|Written by GSCR Staff|
|Monday, 22 July 2013 23:06|
We went with the apropos baseball theme for this week’s The Goldman Guide, as baseball is past the All-Star break and the race for the post-season heats up in the height of the summer months. Coincidentally, 2Q earnings season gets some motion as well into the otherwise slow summer market. The announcements create great short-term trading opportunities for the satellite portion of any portfolio.
For those of you who don’t know, the title of today’s Market Monitor is a well known line from the baseball movie Field of Dreams, starring Kevin Costner. It is a great story in which the overall plot focuses on father and son relationships combined with a supernatural entry into a nostalgic era of baseball from the 1910’s, 20’s, and 30’s. It is a must rent if you have not seen it. This is easily my favorite baseball movie of all time, even though there have been many great ones over the years from Pride of the Yankees, to comedies like Bull Durham (also starring Costner) and Major League.
So why do I bring this up? Yesterday, McDonald’s (NYSE – MCD) missed on earnings and lowered its forecast for the rest of 2013 from a revenue and earnings perspective. The stock got hammered. Many of us, including myself, have at least a memorable story or emotional ties that center around a meal at the iconic food chain. I can think of 2 or 3 from my own life. Just like many people have emotional ties to baseball or baseball movies, they have similar emotional connections and familiarity to companies like McDonalds, General Motors (NYSE - GM), or Apple (NASDAQ – AAPL).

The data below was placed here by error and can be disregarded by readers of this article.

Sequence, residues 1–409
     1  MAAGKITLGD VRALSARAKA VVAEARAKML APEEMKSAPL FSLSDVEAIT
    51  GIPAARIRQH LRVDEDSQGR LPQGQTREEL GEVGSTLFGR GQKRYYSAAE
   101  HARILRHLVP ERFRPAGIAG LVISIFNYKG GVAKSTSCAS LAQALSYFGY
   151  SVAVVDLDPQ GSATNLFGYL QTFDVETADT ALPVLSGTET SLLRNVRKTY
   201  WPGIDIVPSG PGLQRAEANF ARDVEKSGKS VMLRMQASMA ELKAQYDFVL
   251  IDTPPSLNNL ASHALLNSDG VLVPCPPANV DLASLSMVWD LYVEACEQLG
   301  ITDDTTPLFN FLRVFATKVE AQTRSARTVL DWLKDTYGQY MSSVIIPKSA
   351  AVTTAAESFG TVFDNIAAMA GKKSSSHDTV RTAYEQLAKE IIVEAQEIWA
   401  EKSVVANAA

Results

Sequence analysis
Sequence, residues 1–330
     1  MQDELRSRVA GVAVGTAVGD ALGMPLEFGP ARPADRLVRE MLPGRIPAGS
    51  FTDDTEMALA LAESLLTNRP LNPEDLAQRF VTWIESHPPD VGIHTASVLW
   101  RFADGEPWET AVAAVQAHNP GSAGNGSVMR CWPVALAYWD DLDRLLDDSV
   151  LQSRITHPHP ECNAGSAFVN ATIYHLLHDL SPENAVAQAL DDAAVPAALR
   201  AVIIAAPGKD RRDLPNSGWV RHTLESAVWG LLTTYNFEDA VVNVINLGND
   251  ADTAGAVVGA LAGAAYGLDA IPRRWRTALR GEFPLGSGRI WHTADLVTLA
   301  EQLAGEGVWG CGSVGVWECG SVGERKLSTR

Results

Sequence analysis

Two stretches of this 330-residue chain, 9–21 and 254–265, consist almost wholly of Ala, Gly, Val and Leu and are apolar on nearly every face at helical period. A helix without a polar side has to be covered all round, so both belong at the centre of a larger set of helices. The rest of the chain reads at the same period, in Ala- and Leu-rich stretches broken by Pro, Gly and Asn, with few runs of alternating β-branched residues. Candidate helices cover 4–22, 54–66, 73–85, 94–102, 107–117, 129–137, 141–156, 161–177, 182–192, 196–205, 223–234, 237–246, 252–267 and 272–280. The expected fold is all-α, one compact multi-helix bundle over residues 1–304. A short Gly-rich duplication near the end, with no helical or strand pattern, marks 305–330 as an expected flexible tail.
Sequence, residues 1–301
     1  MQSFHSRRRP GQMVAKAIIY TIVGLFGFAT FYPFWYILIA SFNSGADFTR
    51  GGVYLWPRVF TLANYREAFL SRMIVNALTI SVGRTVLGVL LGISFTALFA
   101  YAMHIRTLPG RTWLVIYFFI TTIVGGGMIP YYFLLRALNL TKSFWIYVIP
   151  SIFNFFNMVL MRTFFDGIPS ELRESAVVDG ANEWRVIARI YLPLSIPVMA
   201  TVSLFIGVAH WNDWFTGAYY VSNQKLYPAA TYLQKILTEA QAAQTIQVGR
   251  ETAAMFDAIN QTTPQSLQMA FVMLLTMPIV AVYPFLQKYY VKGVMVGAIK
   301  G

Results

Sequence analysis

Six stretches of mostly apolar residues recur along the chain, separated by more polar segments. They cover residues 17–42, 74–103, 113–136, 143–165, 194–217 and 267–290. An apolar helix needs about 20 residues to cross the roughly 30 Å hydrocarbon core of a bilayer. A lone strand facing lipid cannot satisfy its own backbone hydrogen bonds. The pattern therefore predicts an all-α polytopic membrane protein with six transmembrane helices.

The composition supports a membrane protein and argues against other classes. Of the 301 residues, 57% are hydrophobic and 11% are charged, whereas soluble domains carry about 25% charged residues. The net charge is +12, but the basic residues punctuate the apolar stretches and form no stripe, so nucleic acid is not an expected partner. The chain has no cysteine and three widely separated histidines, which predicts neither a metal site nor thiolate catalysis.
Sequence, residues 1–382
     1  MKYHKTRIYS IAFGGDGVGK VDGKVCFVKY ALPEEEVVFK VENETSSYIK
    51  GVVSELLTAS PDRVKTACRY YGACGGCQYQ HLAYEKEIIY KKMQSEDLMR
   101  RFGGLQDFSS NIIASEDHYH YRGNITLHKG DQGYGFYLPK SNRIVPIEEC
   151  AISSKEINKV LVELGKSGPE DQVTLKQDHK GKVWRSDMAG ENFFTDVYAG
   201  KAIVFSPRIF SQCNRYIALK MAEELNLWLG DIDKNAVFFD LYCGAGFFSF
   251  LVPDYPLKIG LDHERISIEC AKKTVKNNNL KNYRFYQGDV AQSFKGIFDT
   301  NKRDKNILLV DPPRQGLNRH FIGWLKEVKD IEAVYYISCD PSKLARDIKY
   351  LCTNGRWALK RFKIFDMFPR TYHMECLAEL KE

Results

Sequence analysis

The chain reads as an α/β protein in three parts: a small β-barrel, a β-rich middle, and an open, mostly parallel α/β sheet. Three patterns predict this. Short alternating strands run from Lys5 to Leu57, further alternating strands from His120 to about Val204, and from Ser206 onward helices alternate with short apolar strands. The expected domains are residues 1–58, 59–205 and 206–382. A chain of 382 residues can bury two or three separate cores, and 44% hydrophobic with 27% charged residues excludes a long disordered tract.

Too many times retail investors will use these ties when buying stocks. They have a high degree of familiarity and a soft spot for the company so it must be a good stock, right? The old axiom that a good company does not always equal a good stock is definitely in play for some of the major large cap stocks.
In the past we have mentioned the core/satellite approach to investing. This approach is for us Harry Markowitz disciples, who believe that over the long term the market cannot be beat. In simplest terms, one builds a portfolio with two sides, depending on your appetite for risk, in a core or and satellite design. In equity terms, the core can be built with passive mutual funds or ETF-based indexes like the Dow or S&P, and the satellite represents shorter term, high risk and high reward stocks, like small caps.
One of the advantages of this approach versus building a portfolio of large cap stocks, like McDonalds for instance is that it can take the emotion out of investing and trading. The core portion is just the market, and more than likely the satellite portion are companies you have never heard of before. If you build the portfolio correctly you can realize the market return plus any alpha you get with home run satellite stocks.
Since our premise is about maximizing returns, and the Guide highlighted baseball, we thought we should refer to The 30-30 Report results again. We celebrated the one year anniversary of the 30-30 in May. Over that time we picked 34 stocks, and 22 reached our 30% gain benchmark. That’s a batting average of 0.647, twice as good as any of the all time greats like Cobb, Williams, or Rose. Additionally, the overall return for all 34 picks was nearly 42% versus the just over 28% return of the Russell 2000 Index over the same time, something to think about when building your portfolio.
Have a great day.
Aaron Schweitzer, Vice-President
Disclosure: Goldman Small Cap Research analysts are neither long nor short these shares but may elect to purchase the stock within the next 48 hours.
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